Escaping from domestic violence

Everyone deserves to feel safe at home. But when you're living with an abusive partner, it's impossible to know when the next outburst will come.

Though men or women can be abused by their partners, domestic violence affects more women than men. Nearly 1 in 4 women has experienced severe physical violence by an intimate partner in their lifetime.

Defining abuse

Abuse can come in three forms:

  • Battering and physical abuse: includes throwing objects, pushing, hitting, slapping, kicking or attacking with a weapon.
  • Sexual abuse.
  • Psychological abuse: includes controlling behavior, forcing someone to perform a degrading act, threatening physical harm, or attacking or destroying valued possessions.

In most violent relationships, physical and psychological abuse occur together.

The abuse often begins as the abuser threatens his partner or pushes or shoves her. Then the abuse progresses, as the abuser begins to hit, slap, kick or otherwise become violent. In the final phase, the abuser apologizes and expresses guilt. Unless something happens to break this cycle, the incidents usually become more frequent and intense with time and the abuser apologizes less often.

Danger to children

Children who grow up around domestic violence often get hurt too—whether by accident or on purpose, according to the American Academy of Child and Adolescent Psychiatry.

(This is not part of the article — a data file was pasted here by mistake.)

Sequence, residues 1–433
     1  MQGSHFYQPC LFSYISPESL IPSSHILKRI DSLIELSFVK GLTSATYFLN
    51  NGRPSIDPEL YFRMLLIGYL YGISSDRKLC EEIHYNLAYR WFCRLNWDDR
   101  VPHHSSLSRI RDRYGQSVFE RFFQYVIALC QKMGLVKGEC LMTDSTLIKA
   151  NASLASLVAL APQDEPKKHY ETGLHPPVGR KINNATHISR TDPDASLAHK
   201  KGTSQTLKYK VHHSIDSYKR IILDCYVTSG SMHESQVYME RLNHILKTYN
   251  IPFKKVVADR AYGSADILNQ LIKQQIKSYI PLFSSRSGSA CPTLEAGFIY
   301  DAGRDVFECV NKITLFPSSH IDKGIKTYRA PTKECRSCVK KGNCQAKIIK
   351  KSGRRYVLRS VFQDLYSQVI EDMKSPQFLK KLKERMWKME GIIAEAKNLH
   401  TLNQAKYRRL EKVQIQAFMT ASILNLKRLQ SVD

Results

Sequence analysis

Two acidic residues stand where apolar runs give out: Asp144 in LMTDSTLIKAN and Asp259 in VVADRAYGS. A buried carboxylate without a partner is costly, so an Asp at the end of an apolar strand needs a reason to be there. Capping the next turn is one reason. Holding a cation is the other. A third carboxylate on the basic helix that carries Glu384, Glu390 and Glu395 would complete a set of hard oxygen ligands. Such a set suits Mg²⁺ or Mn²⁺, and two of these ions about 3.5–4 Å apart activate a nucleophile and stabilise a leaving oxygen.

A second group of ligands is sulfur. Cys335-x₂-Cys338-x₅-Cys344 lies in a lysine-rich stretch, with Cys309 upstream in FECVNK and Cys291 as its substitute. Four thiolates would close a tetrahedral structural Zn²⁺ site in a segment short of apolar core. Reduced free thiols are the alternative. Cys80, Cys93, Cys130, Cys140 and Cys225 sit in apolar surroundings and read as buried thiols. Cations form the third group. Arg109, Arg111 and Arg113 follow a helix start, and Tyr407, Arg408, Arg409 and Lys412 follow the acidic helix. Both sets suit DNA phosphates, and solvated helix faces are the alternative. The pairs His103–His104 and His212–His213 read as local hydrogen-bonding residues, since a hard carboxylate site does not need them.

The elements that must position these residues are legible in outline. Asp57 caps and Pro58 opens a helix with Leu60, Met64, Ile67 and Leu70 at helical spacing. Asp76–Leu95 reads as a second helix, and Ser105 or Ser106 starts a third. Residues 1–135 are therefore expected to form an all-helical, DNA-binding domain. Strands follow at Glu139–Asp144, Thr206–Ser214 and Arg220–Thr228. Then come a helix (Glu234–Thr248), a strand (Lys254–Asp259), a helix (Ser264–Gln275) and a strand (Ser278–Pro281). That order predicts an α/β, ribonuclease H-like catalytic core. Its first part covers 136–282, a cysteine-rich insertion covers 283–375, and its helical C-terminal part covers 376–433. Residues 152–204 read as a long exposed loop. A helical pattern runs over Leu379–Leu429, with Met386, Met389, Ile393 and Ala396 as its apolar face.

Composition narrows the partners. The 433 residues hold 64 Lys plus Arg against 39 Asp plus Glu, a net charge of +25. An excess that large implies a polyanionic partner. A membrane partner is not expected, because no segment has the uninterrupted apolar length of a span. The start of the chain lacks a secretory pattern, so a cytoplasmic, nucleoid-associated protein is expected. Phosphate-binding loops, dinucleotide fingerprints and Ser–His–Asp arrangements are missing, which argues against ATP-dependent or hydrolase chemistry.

A partner may punch, hit or kick a female partner while she is pregnant, putting the baby at risk for direct injury or low birth weight.

Children living in violent homes often are afraid or angry, but they may have trouble expressing these emotions. These children may think violence is the way to deal with problems, and they may enter abusive relationships themselves when they grow older.

Getting help

If you're in a violent relationship, tell someone about it and make sure you can contact the person in case you need to leave a dangerous situation. A nurse, doctor, social worker, close friend, family member or clergy member may be a good choice. Although it may be hard to talk about the abuse, it's important to make sure you have somewhere safe to go.

An exit plan can help you and your children escape from a violent situation quickly. Pack a suitcase for you and your children that includes a change of clothing, toiletries and needed prescription medications. You should also pack an extra key to your car and house.

In addition, put together a packet of important documents, such as birth certificates, Social Security cards, and mortgage papers or rent receipts. You should also bring along extra cash and your checkbook, credit cards and medical records. Keep this packet in your suitcase.

Keep this suitcase somewhere safe, so you can grab it when you need to.

Once you're away from the situation, you'll have some difficult decisions to make. You may opt for a legal separation or divorce, or you may decide to seek counseling with your partner. Whatever you decide, remember that no one deserves to be abused. You should do what you can to keep yourself and your children safe.

reviewed 3/29/2019

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This information is provided for educational purposes only. Individuals should always consult with their healthcare providers regarding medical care or treatment, as recommendations, services or resources are not a substitute for the advice or recommendation of an individual's physician or healthcare provider. Services or treatment options may not be covered under an individual's particular health plan.